SAN FRANCISCO—When Charles Linquist watched Shen Yun Performing Arts International Company at the War Memorial Opera House with his wife, Rebecca, on Jan. 4, he was stunned by the unity of the dancers.
“I’m not used to seeing so many people doing so many things in perfect synchronization,” he said.
“What really impressed me was the way the women walked. The way they could walk so effortlessly and quickly. Sideways, forward—their body didn’t shake; it wasn’t like we walk. The way that they did it on their toes—it was just amazing,” he said.
Mr. Linquist is chief technology officer of Dawn VME Products, an electronics company, and Mrs. Linquist is an American accent coach and founder of English by the Hour.
Both were impressed with New York-based Shen Yun Performing Arts, which travels to 100 cities around the world each year on its mission to revive the divinely inspired culture of China, according to the company website.
Each Shen Yun company includes dozens of male and female dancers who bring China’s rich culture to life, from 5,000 years ago to the present.
Mr. Linquist said he was impressed by the choreography.
“Their flips were amazing, and I just think both the men and the women were very well-coordinated. And they practiced a lot—it showed,” he said.
An innovative part of every Shen Yun performance is the digital, animated projection that makes the audience feel they have been transported to different realms.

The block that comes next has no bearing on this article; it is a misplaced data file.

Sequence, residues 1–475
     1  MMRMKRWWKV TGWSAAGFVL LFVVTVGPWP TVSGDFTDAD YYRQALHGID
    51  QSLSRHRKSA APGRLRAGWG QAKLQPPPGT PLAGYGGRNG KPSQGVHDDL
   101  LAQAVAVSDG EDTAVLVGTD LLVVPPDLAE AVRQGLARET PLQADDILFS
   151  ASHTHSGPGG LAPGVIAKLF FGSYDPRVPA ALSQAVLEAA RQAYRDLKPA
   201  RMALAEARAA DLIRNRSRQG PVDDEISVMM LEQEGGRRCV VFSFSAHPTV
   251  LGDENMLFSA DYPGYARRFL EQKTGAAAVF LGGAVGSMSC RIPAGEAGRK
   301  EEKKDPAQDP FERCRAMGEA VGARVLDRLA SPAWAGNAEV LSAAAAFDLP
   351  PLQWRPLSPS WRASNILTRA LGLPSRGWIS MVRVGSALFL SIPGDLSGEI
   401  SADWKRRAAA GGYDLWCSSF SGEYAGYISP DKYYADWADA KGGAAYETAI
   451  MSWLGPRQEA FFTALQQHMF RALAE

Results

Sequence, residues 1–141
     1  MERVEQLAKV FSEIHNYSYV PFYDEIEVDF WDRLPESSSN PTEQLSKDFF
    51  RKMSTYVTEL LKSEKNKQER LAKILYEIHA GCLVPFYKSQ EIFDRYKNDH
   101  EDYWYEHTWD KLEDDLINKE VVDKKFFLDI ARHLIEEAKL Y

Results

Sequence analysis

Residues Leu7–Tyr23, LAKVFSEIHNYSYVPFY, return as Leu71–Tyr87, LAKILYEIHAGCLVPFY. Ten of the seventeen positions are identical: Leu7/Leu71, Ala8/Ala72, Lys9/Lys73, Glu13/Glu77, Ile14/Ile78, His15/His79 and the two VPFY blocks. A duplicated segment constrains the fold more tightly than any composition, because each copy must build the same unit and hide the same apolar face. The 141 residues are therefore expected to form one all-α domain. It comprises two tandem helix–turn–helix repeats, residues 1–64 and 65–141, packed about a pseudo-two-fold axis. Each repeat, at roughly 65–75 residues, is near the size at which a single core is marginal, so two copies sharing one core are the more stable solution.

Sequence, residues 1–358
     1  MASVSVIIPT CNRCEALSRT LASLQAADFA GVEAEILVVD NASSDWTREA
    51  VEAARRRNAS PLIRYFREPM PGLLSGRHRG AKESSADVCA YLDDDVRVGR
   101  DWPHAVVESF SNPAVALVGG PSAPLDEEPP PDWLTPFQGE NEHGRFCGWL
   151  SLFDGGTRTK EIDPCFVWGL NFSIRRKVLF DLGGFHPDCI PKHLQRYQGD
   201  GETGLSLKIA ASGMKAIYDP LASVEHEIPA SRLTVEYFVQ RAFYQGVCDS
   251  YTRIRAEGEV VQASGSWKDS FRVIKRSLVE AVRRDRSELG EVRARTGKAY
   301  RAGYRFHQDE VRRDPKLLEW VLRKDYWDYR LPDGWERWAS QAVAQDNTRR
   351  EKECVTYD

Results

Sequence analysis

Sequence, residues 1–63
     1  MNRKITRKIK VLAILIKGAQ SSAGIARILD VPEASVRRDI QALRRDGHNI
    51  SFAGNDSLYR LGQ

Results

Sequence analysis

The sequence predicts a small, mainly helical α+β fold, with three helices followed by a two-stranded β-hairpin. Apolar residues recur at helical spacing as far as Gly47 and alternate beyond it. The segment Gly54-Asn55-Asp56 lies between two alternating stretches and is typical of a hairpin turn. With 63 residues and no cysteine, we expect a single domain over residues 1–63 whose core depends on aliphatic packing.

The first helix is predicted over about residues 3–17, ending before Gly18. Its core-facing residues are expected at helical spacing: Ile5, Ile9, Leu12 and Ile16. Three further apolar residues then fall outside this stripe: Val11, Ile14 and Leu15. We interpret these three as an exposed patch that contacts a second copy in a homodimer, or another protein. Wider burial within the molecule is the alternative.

According to the Shen Yun website, “The backdrops are as grand as they are intricate. So remarkably true to life, they allow you to forget where you are, and journey to another place and time.”
Mrs. Linquist enjoyed how the dancers onstage would integrate with animated characters in the backdrop.
“I’ve never seen that before,” she said. “It really works with fairy tales because you have animations and you have the story and then you have it coming to life with the characters [onstage] and their movement. That was fascinating, too.”
She was also intrigued by the educational aspect of Shen Yun.
“I absolutely loved it. It was fascinating,” she said. “I think, culturally, there’s a lot of things that we don’t know as Westerners, and it’s good to see the different regions.”
Each year, Shen Yun includes ethnic dances from among 55 minority ethnic groups throughout China. According to the Shen Yun website, each ethnic group’s “distinct ways of life reflect discrepancies in local topography, climate, and religious tradition.”
Mrs. Linquist was also intrigued to see from the performance that practices that were allowed in China in the past are no longer allowed. For example, the Falun Dafa meditation discipline.
“I’ve seen people in San Francisco doing it,” she said, adding that despite the practice being suppressed in China today, “People all over the world would like to participate in [these things],” she said.
With reporting by Lily Yu and Albert Roman
New York-based Shen Yun Performing Arts has four touring companies that perform simultaneously around the world. For more information, visit Shen Yun Performing Arts.
The Epoch Times considers Shen Yun Performing Arts the significant cultural event of our time. We have proudly covered audience reactions since Shen Yun’s inception in 2006.